Java concise recursive divide and conquer & BONUS 3-line Java 8 stream solution :)


  • 1
    A
    public int findCelebrity(int n) {
        int c = divide(0, n-1); 
        if (c == -1) return -1;
        for (int i = 0; i < n; i++)
            if (i != c && knows(c,i)) return -1;
        return c;
    }
    
    public int divide(int l, int h) {
        if (h <= l) return l;
        int m = (l + h) / 2;
        return select(divide(l, m), divide(m+1, h));
    }
    
    private int select(int c1, int c2) {
        if (c1 == c2) return c1;
        else if (c1 == -1) return c2;
        else if (c2 == -1) return c1;
        else if (knows(c1,c2)) return c2;
        else if (knows(c2,c1)) return c1;
        else return -1;
    }
    

    BONUS 3-liner!!! :) Inspired by czonzhu's solution.

    @czonzhu has a good explanation of his 2 iterations approach. For those who are interested in how I transformed it into Java's streaming solution:

    • In the first iteration we look at 1 to n-1 (inclusive) people in the party. We initialize our iteration assuming that person 0 is the celebrity. Then we check if person i knows c. If true, then c is still likely to be a celebrity, otherwise we swap c and i and suppose i is the celebrity.
    1. In Java 8 IntStream is simply a sequence of integers.

    2. Adding the modifier 'range' to it specifies the range of the integers.

    3. Adding the modifier 'forEach' includes the logic that has to be performed for every element i in the defined range.

    • Now that we have our candidate c from the first iteration we want to confirm that he/she is indeed the celebrity. We iterate over all people in range 0 to n-1 (inclusive). For each person we check if this person is not a c (to avoid knows(c,c) which will always return true) and whether he/she doesn't know our candidate celebrity c or c knows i. If any of this conditions is true then our candidate c is not a celebrity.
    1. Similarly to the previous step we create an IntStream of given range.

    2. Adding the modifier 'filter' removes all elements that do not satisfy the filtering condition (described above).

    3. If At least one person satisfies our filtering condition, i.e. disconfirms that c is a celebrity, we leave this person in the stream. Therefore, when we perform a count() on the stream we get the number of people who invalidated that c is a celebrity. If this count is > 0 we return -1, otherwise c is confirmed to be a celebrity.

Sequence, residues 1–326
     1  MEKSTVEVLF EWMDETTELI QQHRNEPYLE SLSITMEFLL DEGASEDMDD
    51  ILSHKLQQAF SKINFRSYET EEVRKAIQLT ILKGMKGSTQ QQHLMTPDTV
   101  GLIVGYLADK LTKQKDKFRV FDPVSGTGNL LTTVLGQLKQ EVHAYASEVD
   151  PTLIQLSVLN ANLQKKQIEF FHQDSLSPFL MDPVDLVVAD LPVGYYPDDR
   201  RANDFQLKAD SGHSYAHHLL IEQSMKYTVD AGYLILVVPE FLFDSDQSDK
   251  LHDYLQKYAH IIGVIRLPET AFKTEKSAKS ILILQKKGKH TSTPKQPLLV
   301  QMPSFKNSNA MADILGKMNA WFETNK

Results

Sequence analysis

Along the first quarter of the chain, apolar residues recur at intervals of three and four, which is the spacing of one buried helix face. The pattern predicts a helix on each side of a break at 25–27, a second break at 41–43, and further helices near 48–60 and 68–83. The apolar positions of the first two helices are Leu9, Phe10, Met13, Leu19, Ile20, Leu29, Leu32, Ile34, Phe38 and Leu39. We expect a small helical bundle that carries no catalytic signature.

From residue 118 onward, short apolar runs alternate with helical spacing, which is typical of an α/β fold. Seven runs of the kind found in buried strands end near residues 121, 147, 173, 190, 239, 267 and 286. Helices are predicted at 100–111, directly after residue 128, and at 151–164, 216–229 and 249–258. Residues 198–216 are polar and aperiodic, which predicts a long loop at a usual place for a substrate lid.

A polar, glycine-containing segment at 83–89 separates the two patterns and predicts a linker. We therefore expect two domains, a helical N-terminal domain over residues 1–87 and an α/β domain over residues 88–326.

A quick note, c in this case is a global field because streams in Java 8 can only use final or effectively final variables. Local variables of the method will not work because when the method is popped off the stack the local variables are dereferenced.

    private int c = 0;
    public int findCelebrity(int n) {
        IntStream.range(1,n).forEach(i -> c = knows(i,c) ? c : i);
        return IntStream.range(0,n).filter(i -> c != i && (knows(c,i) || !knows(i,c))).count() > 0 ? -1 : c;
    }
    

  • 0
    E

    It would be much more helpful if you write down your explanation for the second coding :)


  • 0
    A

    Added a very thorough description for those who are interested :)


  • 0
    E

    Thanks a lot.


  • 0

    Better use findFirst().isPresent() instead of count() > 0 to avoid evaluating the whole stream. And you can use the old array trick to make c a local mutable but it will probably be slower than a field.


  • 0
    T

    In select function, I noticed that if c1 != c2 and c1 c2 dont' know each other, it will return -1. But, it cannot shows that whether c1 or c2 knows c which may be selected in process.
    For example. [a b c d e f]; 1, b,c knows a 2,d,e don't know each other and they don't know a 3 a,b,c knows f; the answer should be -1 means no celebrity.
    Correct me if I understand it in wrong,thx!


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